Rick Perry's HPV vaccine problem

Rick Perry is in a political bind over ordering girls to receive injections to protect against a sexually transmitted disease. The controversy is of special interest to tea party and social conservatives.

By , Staff writer

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    Jerry Falwell Jr., left, and Republican presidential candidate and Texas Gov. Rick Perry converse before the start of convocation at the Vines Center on the campus of Liberty University in Lynchburg, Va., on Wednesday, Sept. 14.
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Texas Gov. Rick Perry finds himself in a political bind over his effort to make middle-school girls receive injections to protect against a sexually transmitted disease.

As a result, the feisty GOP presidential front-runner not known for backing down from controversial positions (think Social Security as a “Ponzi scheme”) has acknowledged that he made a mistake in issuing the unilateral order rather than working through the Texas Legislature.

“If I had it to do over again, I would have done it differently,” Governor Perry said during Monday night’s GOP candidates’ debate co-hosted by CNN and the Tea Party Express.

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Perry’s political dilemma is obvious: He’s the only governor to have issued an executive order mandating the vaccine for girls. Virginia is the only other state with the requirement, and there’s a legislative effort there to repeal it.

The controversy is of special interest to tea-party and social conservatives. It touches on government mandates, parental rights, the suggestion that young girls may be sexually active, and the influence of special interests on politicians and the issues they push.

Presidential contender Michele Bachmann, struggling to regain her momentum among tea partyers, quickly pounced on the issue.

"To have innocent little 12-year-old girls be forced to have a government injection through an executive order is just flat out wrong,” she said during the debate Monday night.

Ms. Bachmann also criticized Perry for what she later called “crony capitalism” – receiving campaign contributions from drugmaker Merck, manufacturer of the Gardasil product designed to prevent the HPV virus linked to cervical cancer.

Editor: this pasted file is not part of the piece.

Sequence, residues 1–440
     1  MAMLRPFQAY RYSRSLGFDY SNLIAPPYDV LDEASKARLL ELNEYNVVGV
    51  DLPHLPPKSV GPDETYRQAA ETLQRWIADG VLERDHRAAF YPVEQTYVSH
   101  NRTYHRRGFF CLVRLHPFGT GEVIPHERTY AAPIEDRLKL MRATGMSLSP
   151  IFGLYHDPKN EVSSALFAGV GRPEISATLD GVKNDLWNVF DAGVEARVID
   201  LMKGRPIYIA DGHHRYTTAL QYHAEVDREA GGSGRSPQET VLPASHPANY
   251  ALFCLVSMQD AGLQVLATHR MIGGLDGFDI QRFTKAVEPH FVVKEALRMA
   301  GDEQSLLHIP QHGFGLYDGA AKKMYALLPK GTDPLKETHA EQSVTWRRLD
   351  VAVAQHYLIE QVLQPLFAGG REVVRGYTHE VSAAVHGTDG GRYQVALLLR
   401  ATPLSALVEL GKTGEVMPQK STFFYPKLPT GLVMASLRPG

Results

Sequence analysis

"If you're saying that I can be bought for $5,000, I'm offended," Perry responded, suggesting that any campaign contributions from the drug manufacturer had been inconsequential.

But the Washington Post reported this week that Perry’s gubernatorial campaigns in fact received nearly $30,000 from Merck, most of it before he issued his 2007 executive order mandating the vaccine (which was later overridden by the Texas Legislature).

Citing data from the Center for Responsive Politics, the Post also reports that “Merck and its subsidiaries have also given more than $380,000 to the Republican Governors Association (RGA) since 2006, the year that Perry began to play a prominent role in the Washington-based group.”

It’s also been noted that Perry’s former chief of staff (who now does fundraising for Perry’s presidential campaign) was working as a lobbyist for the drugmaker at the time the Texas governor pushed to make the HPV vaccine mandatory for 11- and 12-year-old girls.

A look at the record among states shows why it’s such a controversial issue.

In 2006, the national Advisory Committee on Immunization Practices (ACIP) recommended routine vaccination against HPV for girls between ages 11 and 12.

“The debate in states has centered – in part – around school vaccine requirements, which are determined by individual states,” according to the National Conference of State Legislatures (NCSL). “Some states grant regulatory bodies, like the Board of Health, the power to require vaccines, but the legislature must still provide funding.”

“Some people who support availability of the vaccine do not support a school mandate, citing concerns about the drug's cost, safety, and parents' rights to refuse,” reports the NCSL. “Still others may have moral objections related to a vaccine mandate for a sexually transmitted disease. Financing is another concern: if states make the vaccine mandatory, they must also address funding issues, including for Medicaid and SCHIP [State Children's Health Insurance Program] coverage and youth who are uninsured, and whether to require coverage by insurance plans. This has caused some to push for further discussion and debate about whether or not to require the vaccine.”

Since 2006, 41 state legislatures and the District of Columbia have introduced laws related to promoting or requiring insurance coverage for the HPV vaccination, reports the Associated Press, but only Virginia and the District of Columbia have laws requiring it. Even in Virginia, a bill would repeal the HPV vaccination requirement for female children.

Though Bachmann took the lead among Republican presidential candidates in criticizing Perry on the HPV vaccination, she, too ,got herself in a bit of bind on the issue. Medical groups this week said Bachmann was wrong to suggest that the anti-HPV drug could cause “mental retardation.”

“There is absolutely no scientific validity to this statement,” Dr. O. Marion Burton, president of the American Academy of Pediatrics, said in a statement Tuesday. “Since the vaccine has been introduced, more than 35 million doses have been administered, and it has an excellent safety record.”

But the focus of the issue remains on Perry.

"If there's one thing that Governor Perry is going to have to deal with it's the mandate for HPV," Tea Party Express chairman Amy Kremer told the AP. She credited Perry for publicly admitting a mistake but added: "I don't think this is the last we've heard of it."

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